This approach, particularly if followed by the empathy and collective definition and ideation phases discussed in previous columns, provides the diversity of members in the system with two powerful opportunities and assurances:
- The strategy will be as effective as the collective and diverse intelligence of the system, making it the best at the moment and one designed for its timely correction, adaptation, improvement, or replacement as necessary—thus maximizing its quality and accuracy.
- The strategy will consider the diverse input shared in its collective definition and ideation (including its testing criteria) in a way that, even though not all input can possibly be incorporated into the prototype, all voices remain at the decision-making table to be resurfaced and reconsidered as the testing criteria are assessed at the predetermined time. This scenario contrasts sharply with eliciting the diversity of perspectives and ideas in the system but ending in a long-term or permanent strategy that could only afford to include some of the input shared by stakeholders, leaving many feeling unheard and likely disconnected from the solution.
An example of this is the hundreds of career courses I have had the opportunity to chair, co-design, and co-instruct at different universities in the U.S. In each of these experiences, I have been privileged to collaborate with a diversity of amazing career and academic professionals who have brought interdisciplinary, instrumental, and transformative perspectives, experience, ideas, and skills to the table as we attempted to facilitate the vocational exploration and professional development of thousands of members of our next generation of leaders.
The semesterly or quarterly cadence of these learning experiences and environments lend themselves to the opportunity and need to see our curricula and instruction as rapid prototypes to be tested every term and year for their improvement, replacement, or replication. Inevitably, our prototyping and testing needed to be based on the evolving nature of the student body, current academic demands, priorities of student life, institutional challenges and opportunities at the time, availability of support networks, labor market trends, diversity and dynamics of our team, etc.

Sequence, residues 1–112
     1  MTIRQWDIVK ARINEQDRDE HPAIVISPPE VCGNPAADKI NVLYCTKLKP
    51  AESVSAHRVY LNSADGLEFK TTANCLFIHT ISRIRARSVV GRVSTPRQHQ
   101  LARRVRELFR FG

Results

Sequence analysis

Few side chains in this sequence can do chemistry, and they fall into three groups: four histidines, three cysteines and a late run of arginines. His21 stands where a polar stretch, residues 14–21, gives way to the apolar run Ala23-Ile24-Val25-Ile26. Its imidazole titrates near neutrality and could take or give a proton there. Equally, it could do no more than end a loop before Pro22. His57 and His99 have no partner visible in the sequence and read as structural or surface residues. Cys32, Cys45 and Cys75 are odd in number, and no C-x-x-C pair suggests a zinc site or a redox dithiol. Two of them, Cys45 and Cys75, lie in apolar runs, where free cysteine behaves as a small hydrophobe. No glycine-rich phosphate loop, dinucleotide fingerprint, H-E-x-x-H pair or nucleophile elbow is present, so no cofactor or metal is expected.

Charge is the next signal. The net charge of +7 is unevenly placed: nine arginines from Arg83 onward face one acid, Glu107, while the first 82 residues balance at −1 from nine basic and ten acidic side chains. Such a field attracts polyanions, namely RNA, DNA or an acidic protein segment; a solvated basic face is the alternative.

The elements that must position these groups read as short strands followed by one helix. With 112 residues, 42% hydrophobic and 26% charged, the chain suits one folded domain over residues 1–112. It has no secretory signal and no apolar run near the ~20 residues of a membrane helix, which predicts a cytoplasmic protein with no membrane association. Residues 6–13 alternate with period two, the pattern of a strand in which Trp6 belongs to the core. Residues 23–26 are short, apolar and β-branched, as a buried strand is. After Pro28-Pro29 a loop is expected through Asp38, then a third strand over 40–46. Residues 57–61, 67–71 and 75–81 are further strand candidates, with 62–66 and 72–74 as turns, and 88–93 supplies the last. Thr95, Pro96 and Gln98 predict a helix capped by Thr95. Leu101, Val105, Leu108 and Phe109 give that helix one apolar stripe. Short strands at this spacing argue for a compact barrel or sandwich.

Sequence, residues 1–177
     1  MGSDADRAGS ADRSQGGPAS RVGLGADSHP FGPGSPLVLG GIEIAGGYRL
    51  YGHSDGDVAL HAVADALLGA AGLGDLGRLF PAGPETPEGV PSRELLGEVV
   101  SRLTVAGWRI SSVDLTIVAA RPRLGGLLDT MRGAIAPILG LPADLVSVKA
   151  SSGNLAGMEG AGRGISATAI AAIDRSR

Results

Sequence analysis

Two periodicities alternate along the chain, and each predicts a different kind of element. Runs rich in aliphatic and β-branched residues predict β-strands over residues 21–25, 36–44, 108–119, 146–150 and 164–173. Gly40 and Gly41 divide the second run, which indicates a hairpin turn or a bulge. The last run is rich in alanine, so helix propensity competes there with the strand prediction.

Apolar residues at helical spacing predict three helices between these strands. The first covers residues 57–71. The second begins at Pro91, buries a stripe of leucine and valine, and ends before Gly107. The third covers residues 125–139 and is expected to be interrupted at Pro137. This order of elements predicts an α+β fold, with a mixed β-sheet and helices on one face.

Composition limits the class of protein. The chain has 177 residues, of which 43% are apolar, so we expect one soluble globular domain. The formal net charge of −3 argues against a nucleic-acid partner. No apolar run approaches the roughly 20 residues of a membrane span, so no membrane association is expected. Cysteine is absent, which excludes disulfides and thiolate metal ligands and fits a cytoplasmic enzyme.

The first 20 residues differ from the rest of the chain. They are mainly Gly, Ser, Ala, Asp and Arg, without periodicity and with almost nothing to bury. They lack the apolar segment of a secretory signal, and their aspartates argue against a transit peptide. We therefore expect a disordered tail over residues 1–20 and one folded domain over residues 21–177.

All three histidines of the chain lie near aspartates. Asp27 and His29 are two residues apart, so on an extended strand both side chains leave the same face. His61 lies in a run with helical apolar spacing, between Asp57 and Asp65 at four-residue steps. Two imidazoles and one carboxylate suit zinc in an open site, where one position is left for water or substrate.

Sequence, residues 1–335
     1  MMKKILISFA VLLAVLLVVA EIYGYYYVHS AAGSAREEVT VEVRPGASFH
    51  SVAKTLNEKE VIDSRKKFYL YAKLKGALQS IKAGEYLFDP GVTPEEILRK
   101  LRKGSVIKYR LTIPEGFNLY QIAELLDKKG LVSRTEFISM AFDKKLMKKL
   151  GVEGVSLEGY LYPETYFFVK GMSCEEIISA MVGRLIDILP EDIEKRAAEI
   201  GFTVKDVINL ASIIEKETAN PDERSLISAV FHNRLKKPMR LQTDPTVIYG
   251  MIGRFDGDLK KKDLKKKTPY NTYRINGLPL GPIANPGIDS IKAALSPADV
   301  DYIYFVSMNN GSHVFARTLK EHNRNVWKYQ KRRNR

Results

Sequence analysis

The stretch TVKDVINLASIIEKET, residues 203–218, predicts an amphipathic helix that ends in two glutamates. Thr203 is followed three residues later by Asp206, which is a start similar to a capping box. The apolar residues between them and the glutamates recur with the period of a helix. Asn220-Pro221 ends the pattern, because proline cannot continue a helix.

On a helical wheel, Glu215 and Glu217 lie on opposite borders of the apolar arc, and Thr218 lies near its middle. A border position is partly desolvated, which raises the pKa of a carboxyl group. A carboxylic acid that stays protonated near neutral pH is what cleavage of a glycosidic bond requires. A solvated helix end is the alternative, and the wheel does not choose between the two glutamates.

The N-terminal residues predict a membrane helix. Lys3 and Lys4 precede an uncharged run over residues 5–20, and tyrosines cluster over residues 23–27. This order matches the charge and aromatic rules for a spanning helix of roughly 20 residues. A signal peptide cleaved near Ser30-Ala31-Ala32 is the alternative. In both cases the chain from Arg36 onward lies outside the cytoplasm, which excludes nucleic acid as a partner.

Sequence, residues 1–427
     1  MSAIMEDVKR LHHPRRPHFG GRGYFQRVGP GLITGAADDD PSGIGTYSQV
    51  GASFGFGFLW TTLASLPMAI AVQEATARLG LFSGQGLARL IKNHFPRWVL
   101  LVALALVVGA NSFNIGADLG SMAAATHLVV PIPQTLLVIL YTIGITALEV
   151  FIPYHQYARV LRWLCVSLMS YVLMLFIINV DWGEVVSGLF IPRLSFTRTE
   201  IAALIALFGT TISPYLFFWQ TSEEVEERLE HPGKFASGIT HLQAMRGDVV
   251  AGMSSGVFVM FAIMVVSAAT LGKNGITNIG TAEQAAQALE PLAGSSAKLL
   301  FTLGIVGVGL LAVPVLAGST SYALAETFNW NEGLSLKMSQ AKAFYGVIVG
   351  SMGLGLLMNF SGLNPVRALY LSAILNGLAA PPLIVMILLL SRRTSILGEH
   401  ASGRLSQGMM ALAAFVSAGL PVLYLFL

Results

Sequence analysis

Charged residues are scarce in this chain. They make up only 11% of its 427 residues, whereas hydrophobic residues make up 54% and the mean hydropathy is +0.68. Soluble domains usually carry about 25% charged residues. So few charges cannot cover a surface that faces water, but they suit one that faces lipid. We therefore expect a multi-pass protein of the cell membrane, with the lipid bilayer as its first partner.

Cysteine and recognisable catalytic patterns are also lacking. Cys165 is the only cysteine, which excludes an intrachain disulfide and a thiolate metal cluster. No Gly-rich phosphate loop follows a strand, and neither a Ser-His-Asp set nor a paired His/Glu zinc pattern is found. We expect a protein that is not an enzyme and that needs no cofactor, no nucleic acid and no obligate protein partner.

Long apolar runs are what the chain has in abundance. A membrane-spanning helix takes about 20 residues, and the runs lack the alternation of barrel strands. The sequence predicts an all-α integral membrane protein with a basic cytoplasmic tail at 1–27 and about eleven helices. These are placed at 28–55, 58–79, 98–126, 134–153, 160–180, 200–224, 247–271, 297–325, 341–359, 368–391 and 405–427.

These collaborative leadership experiences have shown me the power of prototyping and testing to leverage our collective, interdisciplinary intelligence and make our curricula and instruction the best at the moment, designed for timely correction, adaptation, improvement, or replacement as needed and effectively maximizing their quality and accuracy. Our prototyping and testing approach also allowed each of us to understand that, even though not all input could be incorporated into our curricula and instruction each term or year, all voices remained at the decision-making table, to be resurfaced and reconsidered as we assessed the testing criteria we had collectively predetermined and scheduled. Each of these experiences has been such a powerful learning opportunity for me, for us, for our students, and for our systems. It’s a clear reminder of how our capacity as human systems and as facilitators of human development can be significantly enhanced through our intentional and strategic leveraging of our diversity.
The prototyping and testing phases of the design thinking process can be culturally transformative as they offer a powerful systemic leadership approach to engaging and leveraging the diversity of voices of our systems in an inclusive and sustainable way. They help us harness the power of our collective and multiple-perspective intelligence for the effectiveness of our critical work.